The Rocks is one of the historic places in Sydney. One of the sites where the first settlers lived. One of areas I haven’t been to and was dying to see after I read its history.
One fine day, I ventured on my own to the city for a walk through the cobbled and touristy steps of this side of Sydney near Circular Quay. Alighting from the train station, I was so excited to find my way to Gloucester Street. Amidst the sea of people lining up at the wharf, I was so giddy walking towards the Museum of Contemporary Art and beyond.
Nurses Walk was the first area I stumbled upon and I got lost with the nooks and crannies of what I refer to as a walk through time. It was getting lost in a good sense because I could go around and around the area looking at old structures (turn of the century houses and pubs), climbing stairs and getting into an archeological find without thinking that my companion might not be enjoying this DIY walking tour.
Nurses Walk houses small cafes and stores. It pays homage to the nurses that served the country and the world during the war. A small bench and a commemorative plate describe the area.
As I was finding my way towards Susannah Place, I took a peek of what looked like an excavation at Cumberland. At the ground floor of YHA hotel is the Big Dig, a discovery of authentic remnants of late 18 century houses of local laborers with some of household tools on display. It was good know that they preserved the site and built the hotel on top of it. Think of an old bahay na bato with open space at the ground floor. I can’t describe how excited I was upon seeing the place. I felt like I discovered it by myself. Maybe because I used to dream of becoming an archeologist when I was in grade school.
A few more walks and climbs, I finally saw what I was searching for – row of houses that witnessed the development of the city for centuries. Susannah Place is just one of those actual houses preserved to tell the stories of the working class years ago. It is some sort of a living museum since some of which are still resided by locals until now. The museum was closed that hour but it didn’t stop me from walking up and down the small street.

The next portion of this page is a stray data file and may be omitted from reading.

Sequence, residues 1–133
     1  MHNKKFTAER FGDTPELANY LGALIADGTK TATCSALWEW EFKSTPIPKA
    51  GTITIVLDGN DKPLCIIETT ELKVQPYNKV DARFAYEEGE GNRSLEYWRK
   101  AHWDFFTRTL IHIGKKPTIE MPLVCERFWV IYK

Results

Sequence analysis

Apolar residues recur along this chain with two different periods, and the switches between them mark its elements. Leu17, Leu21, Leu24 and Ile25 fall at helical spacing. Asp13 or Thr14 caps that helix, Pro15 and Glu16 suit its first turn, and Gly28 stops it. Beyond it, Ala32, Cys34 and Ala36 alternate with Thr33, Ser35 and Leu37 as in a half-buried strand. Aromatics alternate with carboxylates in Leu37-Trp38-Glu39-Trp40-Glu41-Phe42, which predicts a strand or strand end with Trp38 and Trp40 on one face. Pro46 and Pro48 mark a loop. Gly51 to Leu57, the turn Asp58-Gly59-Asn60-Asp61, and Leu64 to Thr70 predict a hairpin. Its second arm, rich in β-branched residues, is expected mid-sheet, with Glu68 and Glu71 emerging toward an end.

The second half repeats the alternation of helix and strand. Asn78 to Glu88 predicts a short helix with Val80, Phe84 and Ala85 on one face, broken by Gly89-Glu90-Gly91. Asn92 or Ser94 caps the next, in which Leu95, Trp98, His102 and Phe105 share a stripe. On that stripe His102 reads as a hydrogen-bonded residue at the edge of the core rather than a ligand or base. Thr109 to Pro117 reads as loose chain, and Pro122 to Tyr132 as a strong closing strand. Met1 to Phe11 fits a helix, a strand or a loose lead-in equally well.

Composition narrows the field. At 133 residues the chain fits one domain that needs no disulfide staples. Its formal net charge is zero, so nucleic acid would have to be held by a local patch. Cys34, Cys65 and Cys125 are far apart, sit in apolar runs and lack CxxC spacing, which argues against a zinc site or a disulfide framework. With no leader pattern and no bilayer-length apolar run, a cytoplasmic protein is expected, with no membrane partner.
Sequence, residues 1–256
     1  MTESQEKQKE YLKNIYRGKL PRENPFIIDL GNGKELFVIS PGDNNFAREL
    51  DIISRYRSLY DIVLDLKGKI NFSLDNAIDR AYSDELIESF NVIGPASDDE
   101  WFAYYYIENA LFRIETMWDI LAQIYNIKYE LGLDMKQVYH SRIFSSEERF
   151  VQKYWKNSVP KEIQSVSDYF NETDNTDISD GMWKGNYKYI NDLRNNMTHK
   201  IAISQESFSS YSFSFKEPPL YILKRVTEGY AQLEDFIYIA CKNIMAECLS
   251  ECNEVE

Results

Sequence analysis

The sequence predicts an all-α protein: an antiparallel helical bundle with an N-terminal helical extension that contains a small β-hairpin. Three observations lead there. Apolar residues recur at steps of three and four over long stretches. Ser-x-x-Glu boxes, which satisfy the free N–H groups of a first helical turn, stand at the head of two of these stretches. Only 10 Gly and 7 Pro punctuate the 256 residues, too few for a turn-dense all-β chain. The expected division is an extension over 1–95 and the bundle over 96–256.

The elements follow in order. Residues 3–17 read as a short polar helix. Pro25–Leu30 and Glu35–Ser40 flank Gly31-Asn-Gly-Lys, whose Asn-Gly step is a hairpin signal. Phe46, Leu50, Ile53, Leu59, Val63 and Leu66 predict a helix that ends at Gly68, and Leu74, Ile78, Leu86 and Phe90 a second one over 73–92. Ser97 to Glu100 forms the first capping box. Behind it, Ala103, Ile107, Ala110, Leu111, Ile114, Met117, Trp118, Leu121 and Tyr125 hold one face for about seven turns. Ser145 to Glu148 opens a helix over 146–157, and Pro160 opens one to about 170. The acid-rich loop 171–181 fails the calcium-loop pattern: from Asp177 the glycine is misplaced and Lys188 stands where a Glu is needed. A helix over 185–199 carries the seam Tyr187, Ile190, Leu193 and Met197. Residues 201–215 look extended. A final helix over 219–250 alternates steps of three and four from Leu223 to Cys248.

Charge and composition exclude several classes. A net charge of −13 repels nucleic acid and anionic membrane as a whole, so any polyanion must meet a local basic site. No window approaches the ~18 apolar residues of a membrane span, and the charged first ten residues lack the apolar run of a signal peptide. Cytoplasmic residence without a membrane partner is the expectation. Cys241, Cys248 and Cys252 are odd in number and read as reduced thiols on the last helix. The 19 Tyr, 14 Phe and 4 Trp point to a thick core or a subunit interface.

After I satiated myself of the old world, I turned by attention to the open spaces and engineering grandeur. I walked through the Argyle Cut which was an under ground tunnel turned parking lot made possible by carving the large stone that used to face the harbour. I marvelled at the sight in Dawes Point Park where riders and tourists abound for some picturesque views. I contemplated of having lunch out in the sun while people watching.
I managed to find myself at the foot of the Harbour Bridge. That’s what you get if you don’t tell manong cleaner that you’re a bit lost.
Since it was summer, people were having lunch out in the sun – at the First Fleet Park where a big anchor monument awaits, at the Rocks Market or any open spaces where one can sit and have a quiet lunch with the pigeons.
I ended having calamari and chips at a nearby air-conditioned food court after hours of walking and changing from flats to fit-flops. I must say, having a historical tour all by myself is not so bad. I will definitely do this again.
On foot: The Rocks is an easy, 15-minute downhill stroll from Town Hall station, 10-minutes from Wynyard station and a two-minute walk from Circular Quay. The main entry point to The Rocks is via George Street. If you’re walking from Darling Harbour, you can take Hickson Road via Walsh Bay, or Kent and Argyle streets through Millers Point.
By train : Take the train to Circular Quay, head in the direction of Sydney Harbour Bridge, and you’re only a stroll away. If you’re coming from Wynyard station, walk north down George Street towards the harbour and you’ll be here in 10 minutes.
By Ferry : Take a ride to Circular Quay and it is s short walk from there.